Tuesday, September 23, 2008

Rami: Response to Mike's 9/23 Post

This is fascinating, Mike, even if only to the two of us.

Judaism, rooting itself in God’s command to “be fruitful and multiply” (Genesis 1:28) is decidedly pro-marriage.

The Shulchan Aruch, the basic code of Jewish law says, “Every person is obligated to marry in order to fulfill the duty of procreation, and whoever is not engaged in propagating the species is accounted as a murderer, diminishing the Divine Image and causing the presence of God to depart from Israel (Even ha-‘Ezer 1:1). And the Talmud tells us that “One who has no spouse is less than human,” (Yevamot 67a); and that “One who dwells without a spouse dwells without joy, without blessing, without good, and without happiness,” (Yevamot 62b). And while the primary purpose of marriage was to have and raise children, the rabbis urged that sexual activity within marriage has its own value and should continue beyond the childbearing years.

The Shulchan Aruch also tells us that the ancient rabbis ruled that High Priests and judges in capital crimes must be married (Shulchan Aruch, Orah Hayyim 53:9), though I can’t tell if they ruled this way in order to make the judges more or less compassionate toward the accused.

Perhaps the most interesting teaching on marriage is that only a married man could study the deeper mysteries of the Torah (women were not allowed to study this at all until modern times). The rationale here was that these mysteries use sexual imagery and one needed the grounding of a sexual partner to keep from being overwhelmed by the poetry of the teachings. We see this is the case of many medieval Catholic mystics as well (especially nuns) who speak of their love of Jesus in very sexual terms. Sex may be so central to humanity that we cannot imagine the Divine without invoke the sexual.

While celibacy is not limited to Christianity (Hinduism too honors celibacy), and while I am pleased to hear that the early church removed the stigma Judaism placed on eunuchs, celibacy is still one of the clearest differences between our two traditions.

On to the next teaching?

Mike: Response to Rami's 9/22 Post

Thanks for the excellent overview of the Pharisaic debate and it's possible application to Matthew 19:3ff. Your description of the matter accords well with that of many modern Christian scholars.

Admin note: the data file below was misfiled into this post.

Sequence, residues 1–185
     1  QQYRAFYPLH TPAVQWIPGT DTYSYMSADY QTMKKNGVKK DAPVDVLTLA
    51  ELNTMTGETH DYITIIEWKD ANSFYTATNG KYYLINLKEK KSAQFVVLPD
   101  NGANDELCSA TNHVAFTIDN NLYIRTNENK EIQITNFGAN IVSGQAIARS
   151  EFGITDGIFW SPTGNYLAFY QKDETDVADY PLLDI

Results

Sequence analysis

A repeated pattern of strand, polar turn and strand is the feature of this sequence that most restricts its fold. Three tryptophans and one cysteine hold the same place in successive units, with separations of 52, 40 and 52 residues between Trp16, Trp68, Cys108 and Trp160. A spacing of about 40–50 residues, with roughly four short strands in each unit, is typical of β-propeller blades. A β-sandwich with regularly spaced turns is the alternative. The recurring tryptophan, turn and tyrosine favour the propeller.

That being said, let's spend a little time on the matters of marriage, celibacy and "eunuch's for the sake of the kingdom of heaven."

With regard to marriage, Jesus teaches that the dissolution of a marriage should never be taken lightly. I think we have to admit the School of Hillel's position potentially lent itself to such an abuse. Whatever else we might conclude, Jesus' position brings a dose of sobriety to the matter.

In the first century context, Jesus' teaching represents a large step forward for women, in that he appears to treat both male and female as equals even as he reins in supposed male perogatives.

What about the exception clause? Some manuscripts do not include it, though the consensus of textual scholars appears to be that it belongs in the original text. Let's assume this to be the case. The followers of Jesus began to wrestle with the teaching within the first generation of the movement. We see this is the response of the disciples. We also find Paul (1 Corinthians 7)suggesting a believing spouse is not to be held accountable if an unbelieving spouse seeks divorce. In the past century of so, many Christians have concluded that spouse or child abuse should be added to the list of exception clauses. In the West, at least, most Christians recognize that when all efforts at reconciliation have been exhausted, divorce may become the only realistic option available to one. Here, I think, we see the living church and the Spirit of God working to interpret the teachings of Jesus in settings quite different from the first century world.

To summarize, it seems to me that Jesus taught that marriage is meant to be an unbreakable union, that both partners bear responsibility for the success of the union, that it must not be lightly ended, and that divorce entails considerable consequences. At the same time, Jesus teachings on the grace of God, coupled with the writings of Paul and subsequent developments in Christian thinking, make it clear that forgiveness and a new beginning are always possible.